How to save encrypted password in the configration file

If you are using the main C++ distribution of wxWidgets, Feel free to ask any question related to wxWidgets development here. This means questions regarding to C++ and wxWidgets, not compile problems.
Post Reply
MuhammadSohail
Experienced Solver
Experienced Solver
Posts: 96
Joined: Fri Jun 17, 2005 1:53 pm
Location: Germany
Contact:

How to save encrypted password in the configration file

Post by MuhammadSohail » Mon Jul 13, 2009 12:24 pm

How do i en/decode the password and save/read into/from the ini file.

Currently using
Visual studio: 2003
wxWidgets : 2.8.8

Is there any command line tool or any wxWidget class?
Any idea would be helful

stevelam
Earned some good credits
Earned some good credits
Posts: 114
Joined: Fri Apr 14, 2006 11:01 am

Post by stevelam » Mon Jul 13, 2009 1:30 pm

Well for reading and writing to a config file see the wxConfig overveiw and wxConfigBase.

MuhammadSohail
Experienced Solver
Experienced Solver
Posts: 96
Joined: Fri Jun 17, 2005 1:53 pm
Location: Germany
Contact:

Post by MuhammadSohail » Mon Jul 13, 2009 1:40 pm

Thanks for quick reply. I wrote my own config file parser , Therefore i would not be possible to use wxConfig class anymore.

Is there any other idea. is there any GnU Lib?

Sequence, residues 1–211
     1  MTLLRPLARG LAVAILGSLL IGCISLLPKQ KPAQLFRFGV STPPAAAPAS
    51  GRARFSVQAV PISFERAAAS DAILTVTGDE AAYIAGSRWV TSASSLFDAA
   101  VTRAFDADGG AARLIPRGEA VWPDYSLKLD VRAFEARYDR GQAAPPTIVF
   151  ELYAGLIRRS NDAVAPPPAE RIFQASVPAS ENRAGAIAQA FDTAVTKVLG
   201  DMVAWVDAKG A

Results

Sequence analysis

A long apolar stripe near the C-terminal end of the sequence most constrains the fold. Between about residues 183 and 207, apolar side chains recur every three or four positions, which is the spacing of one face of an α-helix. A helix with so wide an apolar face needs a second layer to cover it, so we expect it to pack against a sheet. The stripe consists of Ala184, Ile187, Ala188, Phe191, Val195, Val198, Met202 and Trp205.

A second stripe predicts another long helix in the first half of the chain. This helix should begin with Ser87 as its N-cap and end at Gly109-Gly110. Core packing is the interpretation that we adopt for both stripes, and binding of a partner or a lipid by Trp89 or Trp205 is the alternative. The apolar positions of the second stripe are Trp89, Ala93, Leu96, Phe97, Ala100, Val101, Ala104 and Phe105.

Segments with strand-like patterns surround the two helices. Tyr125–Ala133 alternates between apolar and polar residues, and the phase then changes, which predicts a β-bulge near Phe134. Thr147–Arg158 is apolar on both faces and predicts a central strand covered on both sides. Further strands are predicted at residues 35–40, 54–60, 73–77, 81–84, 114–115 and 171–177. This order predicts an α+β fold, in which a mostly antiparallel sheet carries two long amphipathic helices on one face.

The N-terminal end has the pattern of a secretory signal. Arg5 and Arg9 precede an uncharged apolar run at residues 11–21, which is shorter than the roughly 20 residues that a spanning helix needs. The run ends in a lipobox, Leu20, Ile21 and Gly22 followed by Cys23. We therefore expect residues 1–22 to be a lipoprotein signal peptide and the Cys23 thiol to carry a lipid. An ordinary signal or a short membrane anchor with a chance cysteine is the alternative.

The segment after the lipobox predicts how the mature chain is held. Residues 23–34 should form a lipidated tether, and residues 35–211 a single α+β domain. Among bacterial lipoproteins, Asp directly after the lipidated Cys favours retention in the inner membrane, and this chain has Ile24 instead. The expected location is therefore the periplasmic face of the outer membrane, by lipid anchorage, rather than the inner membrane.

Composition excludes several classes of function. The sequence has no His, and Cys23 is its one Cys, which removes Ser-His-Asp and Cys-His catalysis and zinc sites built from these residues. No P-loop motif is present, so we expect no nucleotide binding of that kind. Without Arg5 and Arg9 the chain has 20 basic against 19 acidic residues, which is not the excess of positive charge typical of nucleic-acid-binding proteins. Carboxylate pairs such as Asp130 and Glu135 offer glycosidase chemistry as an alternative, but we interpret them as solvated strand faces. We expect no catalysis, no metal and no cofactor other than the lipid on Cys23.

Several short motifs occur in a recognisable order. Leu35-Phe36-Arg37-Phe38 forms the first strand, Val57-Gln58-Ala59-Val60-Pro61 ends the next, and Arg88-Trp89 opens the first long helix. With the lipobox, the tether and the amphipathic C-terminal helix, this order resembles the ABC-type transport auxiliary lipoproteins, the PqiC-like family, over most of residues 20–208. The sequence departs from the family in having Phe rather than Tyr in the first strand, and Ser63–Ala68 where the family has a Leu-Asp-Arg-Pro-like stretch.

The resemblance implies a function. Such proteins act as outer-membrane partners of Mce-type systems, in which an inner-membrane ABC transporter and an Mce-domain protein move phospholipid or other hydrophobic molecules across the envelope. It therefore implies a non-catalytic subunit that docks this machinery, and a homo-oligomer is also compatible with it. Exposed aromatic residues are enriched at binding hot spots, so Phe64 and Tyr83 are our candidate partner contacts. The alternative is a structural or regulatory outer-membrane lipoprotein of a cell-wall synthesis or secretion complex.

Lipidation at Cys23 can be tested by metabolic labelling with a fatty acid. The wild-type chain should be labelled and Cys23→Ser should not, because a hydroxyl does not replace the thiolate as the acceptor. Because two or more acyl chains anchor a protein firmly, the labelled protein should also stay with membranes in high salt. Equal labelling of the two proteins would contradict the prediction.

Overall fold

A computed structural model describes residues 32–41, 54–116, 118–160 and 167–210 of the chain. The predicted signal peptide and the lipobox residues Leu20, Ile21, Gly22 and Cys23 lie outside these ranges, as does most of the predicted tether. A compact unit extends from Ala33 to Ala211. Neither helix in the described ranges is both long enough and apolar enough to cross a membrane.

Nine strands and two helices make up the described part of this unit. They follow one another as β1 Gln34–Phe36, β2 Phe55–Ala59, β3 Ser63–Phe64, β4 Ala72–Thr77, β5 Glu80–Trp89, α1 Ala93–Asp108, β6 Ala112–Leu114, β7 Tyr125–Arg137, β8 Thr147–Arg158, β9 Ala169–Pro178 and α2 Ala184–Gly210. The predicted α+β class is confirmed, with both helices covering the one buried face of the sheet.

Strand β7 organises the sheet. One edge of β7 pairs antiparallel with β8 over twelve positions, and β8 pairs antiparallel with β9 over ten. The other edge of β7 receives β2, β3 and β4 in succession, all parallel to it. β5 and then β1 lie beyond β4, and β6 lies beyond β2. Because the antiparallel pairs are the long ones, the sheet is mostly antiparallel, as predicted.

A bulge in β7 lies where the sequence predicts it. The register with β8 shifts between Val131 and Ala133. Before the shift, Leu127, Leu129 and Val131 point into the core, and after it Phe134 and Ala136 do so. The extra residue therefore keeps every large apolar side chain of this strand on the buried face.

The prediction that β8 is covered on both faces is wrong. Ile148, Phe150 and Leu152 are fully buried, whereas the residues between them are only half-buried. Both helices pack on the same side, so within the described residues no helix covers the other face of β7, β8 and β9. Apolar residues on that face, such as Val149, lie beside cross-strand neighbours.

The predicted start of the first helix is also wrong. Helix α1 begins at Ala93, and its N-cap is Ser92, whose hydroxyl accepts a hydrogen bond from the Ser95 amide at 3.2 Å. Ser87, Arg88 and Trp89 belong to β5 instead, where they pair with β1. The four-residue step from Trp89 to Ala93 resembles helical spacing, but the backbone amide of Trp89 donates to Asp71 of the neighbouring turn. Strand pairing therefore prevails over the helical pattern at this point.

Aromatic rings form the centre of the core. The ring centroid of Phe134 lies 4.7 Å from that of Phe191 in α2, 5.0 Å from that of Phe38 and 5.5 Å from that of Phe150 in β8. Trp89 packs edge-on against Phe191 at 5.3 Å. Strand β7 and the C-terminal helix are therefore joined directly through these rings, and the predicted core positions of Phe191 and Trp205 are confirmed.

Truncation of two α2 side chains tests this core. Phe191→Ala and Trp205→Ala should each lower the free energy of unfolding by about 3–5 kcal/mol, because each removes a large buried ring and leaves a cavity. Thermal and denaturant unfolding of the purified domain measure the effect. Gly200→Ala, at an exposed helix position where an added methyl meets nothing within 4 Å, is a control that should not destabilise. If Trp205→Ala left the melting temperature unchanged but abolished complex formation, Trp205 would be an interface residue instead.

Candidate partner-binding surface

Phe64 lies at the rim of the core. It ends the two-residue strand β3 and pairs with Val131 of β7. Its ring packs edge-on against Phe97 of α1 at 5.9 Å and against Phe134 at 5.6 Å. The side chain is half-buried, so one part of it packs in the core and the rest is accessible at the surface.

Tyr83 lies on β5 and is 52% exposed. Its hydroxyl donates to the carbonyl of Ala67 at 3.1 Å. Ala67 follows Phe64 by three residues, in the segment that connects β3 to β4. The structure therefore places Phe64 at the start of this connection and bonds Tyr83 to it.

leiradella
I live to help wx-kind
I live to help wx-kind
Posts: 172
Joined: Sun Sep 07, 2008 9:49 pm
Location: Rio de Janeiro, Brazil

Post by leiradella » Tue Jul 14, 2009 3:12 am

Saving a password, even if encrypted, to a file usually breaks the application's security.

1. If you save the password in clear text, it's trivial to find it.

2. If you save it as a hash (i.e. MD5 and the SHA family), one only have to generate a new hash with his/her own password and use it to break into the application.

3. If you save it encrypted, then you have to save the encryption/decryption key in the application, so it's just a matter of statistical analysis to find it and break the password in the config file.

But never *ever* implement your own encryption algorithm. Cryptography algorithms are very complicated to construct, and are usually made by mathematicians and go through a lot of public scrutiny before being considered secure.

That said, for many uses the third option is usually good enough, provided you're not selling applications to protected top-secret data.

You could try Crypto++ http://www.cryptopp.com/, which is free and feature-rich.

To implement the 3rd option, I'd go with AES. For the 2nd, which is also good enough for less sensitive information, I'd go with SHA-256.

Cheers,

Andre

Post Reply